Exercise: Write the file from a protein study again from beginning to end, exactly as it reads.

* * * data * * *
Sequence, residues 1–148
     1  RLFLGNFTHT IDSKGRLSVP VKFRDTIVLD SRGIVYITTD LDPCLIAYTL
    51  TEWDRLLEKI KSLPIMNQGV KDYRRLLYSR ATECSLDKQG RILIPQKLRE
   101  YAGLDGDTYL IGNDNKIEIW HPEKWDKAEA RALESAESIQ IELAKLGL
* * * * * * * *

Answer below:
Sequence, residues 1–148
     1  RLFLGNFTHT IDSKGRLSVP VKFRDTIVLD SRGIVYITTD LDPCLIAYTL
    51  TEWDRLLEKI KSLPIMNQGV KDYRRLLYSR ATECSLDKQG RILIPQKLRE
   101  YAGLDGDTYL IGNDNKIEIW HPEKWDKAEA RALESAESIQ IELAKLGL